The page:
Date of Award


Document Type

Doctoral Research Paper

Degree Name


Organizational Unit

Morgridge College of Education, Higher Education

First Advisor

Ryan Evely Gildersleeve, Ph.D.

Second Advisor

Michelle Tyson, Ed.D.

Third Advisor

Cynthia Bell, Ed.D.


Economic development, Rural economic development, Community capitals framework, Entrepreneurship ecosystem, Theory driven program evaluation, Community colleges


Since the financial crisis of 2008 and the subsequent recession, some urban and metro areas have experienced economic recovery, but not all geographic areas are recovering at the same pace. Federal, state, and local programs developed to help rural communities with their economic development efforts have failed to make much of a difference. In 2015, as a potential solution, Colorado spearheaded an initiative to incentivize economic development in rural communities. The Rural Jump-Start (RJS) Zone Act provides tax relief to new businesses and employees of those businesses, with the idea that because of these benefits, more businesses would retain, start, locate, or relocate to the rural economically distressed areas of Colorado.

This program evaluation delved into the complexities of the RJS program. It used the theory-driven program evaluation model (Chen & Rossi, 1983), with the community capitals framework (Emery & Flora, 2006) as the theoretical framework and the entrepreneurship ecosystem (Isenberg, 2014) as the conceptual framework. Data were gathered through interviews of 19 stakeholders—four considered program visionaries/creators, five from government entities, four program participants/recipients, three from institutions of higher education, and three representing other stakeholders—as well as document review. The qualitative data were coded and analyzed using Dedoose.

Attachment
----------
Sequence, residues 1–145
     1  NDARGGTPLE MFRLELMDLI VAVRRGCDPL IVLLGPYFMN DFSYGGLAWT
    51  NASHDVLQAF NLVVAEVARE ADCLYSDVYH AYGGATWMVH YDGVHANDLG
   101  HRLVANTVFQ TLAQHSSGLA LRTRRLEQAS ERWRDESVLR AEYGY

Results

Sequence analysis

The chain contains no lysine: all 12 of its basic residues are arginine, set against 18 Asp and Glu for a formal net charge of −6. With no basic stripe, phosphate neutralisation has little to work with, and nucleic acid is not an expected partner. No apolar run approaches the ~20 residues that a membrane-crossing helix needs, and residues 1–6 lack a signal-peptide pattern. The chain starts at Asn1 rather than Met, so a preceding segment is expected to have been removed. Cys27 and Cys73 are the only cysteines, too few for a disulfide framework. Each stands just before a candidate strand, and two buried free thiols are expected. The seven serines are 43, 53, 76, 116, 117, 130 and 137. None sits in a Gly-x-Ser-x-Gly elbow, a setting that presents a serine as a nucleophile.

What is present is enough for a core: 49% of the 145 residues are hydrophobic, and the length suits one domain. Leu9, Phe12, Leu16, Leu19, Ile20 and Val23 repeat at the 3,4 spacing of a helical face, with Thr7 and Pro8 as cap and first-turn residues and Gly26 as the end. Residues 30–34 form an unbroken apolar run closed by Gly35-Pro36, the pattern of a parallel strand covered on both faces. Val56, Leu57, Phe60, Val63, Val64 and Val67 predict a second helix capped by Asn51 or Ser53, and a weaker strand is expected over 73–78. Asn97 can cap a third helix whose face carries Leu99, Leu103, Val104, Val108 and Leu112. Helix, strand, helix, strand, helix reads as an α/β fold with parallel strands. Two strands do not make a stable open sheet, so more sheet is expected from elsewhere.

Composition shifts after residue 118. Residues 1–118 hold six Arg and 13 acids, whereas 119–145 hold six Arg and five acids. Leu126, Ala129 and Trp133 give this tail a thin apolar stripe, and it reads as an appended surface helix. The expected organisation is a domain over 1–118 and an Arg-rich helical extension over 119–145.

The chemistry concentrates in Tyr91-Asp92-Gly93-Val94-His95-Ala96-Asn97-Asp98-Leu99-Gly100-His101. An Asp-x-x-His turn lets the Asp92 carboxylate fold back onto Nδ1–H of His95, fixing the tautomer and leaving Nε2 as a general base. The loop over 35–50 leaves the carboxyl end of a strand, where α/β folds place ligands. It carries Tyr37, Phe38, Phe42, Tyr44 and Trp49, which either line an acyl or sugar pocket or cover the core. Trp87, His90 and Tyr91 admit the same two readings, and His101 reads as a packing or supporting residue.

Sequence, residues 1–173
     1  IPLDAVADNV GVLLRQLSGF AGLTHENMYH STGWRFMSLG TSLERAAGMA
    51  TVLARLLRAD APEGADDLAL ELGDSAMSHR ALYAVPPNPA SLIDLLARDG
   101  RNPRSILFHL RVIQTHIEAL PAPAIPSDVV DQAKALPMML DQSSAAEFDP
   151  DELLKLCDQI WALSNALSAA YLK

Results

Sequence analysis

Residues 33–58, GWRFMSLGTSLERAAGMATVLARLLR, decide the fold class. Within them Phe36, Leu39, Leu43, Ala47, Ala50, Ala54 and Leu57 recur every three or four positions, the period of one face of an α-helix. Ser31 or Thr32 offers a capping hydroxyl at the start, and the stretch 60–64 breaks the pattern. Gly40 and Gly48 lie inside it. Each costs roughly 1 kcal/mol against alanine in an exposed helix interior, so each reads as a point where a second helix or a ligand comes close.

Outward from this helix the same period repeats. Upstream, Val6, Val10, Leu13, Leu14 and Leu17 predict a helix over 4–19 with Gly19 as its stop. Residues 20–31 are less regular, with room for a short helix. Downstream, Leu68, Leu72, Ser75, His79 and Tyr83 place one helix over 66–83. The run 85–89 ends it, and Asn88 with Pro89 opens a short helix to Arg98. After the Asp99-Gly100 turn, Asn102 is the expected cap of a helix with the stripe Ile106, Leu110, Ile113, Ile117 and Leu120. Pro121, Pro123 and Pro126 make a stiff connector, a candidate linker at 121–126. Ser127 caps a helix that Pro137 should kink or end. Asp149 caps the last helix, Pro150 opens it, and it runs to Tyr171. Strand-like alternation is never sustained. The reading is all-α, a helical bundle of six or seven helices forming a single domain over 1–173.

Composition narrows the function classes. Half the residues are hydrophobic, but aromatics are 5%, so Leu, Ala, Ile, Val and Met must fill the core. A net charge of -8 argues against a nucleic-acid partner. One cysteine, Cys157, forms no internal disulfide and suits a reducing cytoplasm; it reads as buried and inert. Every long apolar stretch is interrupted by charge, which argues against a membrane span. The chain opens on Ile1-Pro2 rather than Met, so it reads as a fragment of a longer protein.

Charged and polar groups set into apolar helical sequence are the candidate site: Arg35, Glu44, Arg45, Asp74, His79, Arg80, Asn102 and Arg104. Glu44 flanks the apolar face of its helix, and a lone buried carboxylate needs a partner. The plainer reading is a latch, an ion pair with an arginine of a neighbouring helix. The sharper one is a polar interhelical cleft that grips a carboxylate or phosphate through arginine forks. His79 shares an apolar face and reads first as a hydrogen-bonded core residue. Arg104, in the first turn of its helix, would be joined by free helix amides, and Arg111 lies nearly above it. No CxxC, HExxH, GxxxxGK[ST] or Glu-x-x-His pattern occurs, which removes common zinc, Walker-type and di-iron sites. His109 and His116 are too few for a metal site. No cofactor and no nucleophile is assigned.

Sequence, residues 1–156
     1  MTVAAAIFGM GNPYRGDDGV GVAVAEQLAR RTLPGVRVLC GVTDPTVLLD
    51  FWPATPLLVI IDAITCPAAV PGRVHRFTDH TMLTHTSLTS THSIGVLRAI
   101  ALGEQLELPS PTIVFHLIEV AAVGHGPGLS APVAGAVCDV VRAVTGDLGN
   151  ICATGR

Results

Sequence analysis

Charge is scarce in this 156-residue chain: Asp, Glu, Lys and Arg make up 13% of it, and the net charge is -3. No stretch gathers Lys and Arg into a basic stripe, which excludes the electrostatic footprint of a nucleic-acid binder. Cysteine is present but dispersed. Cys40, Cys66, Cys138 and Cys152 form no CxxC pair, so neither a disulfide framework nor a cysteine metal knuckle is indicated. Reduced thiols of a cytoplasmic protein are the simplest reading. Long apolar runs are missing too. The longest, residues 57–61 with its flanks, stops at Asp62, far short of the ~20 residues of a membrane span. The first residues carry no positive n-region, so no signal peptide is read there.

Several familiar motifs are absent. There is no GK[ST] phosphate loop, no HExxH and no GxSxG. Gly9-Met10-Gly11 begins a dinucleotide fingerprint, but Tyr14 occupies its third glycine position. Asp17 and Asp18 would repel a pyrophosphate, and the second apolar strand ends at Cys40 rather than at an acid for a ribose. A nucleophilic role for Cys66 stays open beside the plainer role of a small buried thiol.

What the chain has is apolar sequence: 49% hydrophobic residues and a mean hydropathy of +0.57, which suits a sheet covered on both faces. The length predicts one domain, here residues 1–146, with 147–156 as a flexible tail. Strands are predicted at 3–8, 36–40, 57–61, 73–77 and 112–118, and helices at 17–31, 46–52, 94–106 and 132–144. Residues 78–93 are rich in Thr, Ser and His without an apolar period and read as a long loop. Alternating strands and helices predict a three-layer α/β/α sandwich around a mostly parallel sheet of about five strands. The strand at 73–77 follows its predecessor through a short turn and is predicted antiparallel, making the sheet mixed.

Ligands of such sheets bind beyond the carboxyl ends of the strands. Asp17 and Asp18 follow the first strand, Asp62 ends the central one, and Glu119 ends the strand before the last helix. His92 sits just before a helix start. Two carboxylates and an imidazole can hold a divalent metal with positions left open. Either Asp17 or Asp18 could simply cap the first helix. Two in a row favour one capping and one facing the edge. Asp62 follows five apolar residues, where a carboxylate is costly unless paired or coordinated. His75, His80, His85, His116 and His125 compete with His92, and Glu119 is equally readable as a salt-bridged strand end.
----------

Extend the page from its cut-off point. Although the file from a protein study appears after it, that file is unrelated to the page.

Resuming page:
Four general findings emerged: (1) the community capitals framework model of a healthy community ecosystem must be in place for an entrepreneurship ecosystem to be built, and the entrepreneurship ecosystem needs to be in place for the RJS to be successful; (2) the perception of success varies with the differing perceptions of the stakeholders; (3) geographic location matters; and (4) the level of success of the RJS correlates to the level of involvement of the institution of higher education. The implications of these findings are discussed and recommendations offered for improving the program so that it will have the best effect on the most communities.

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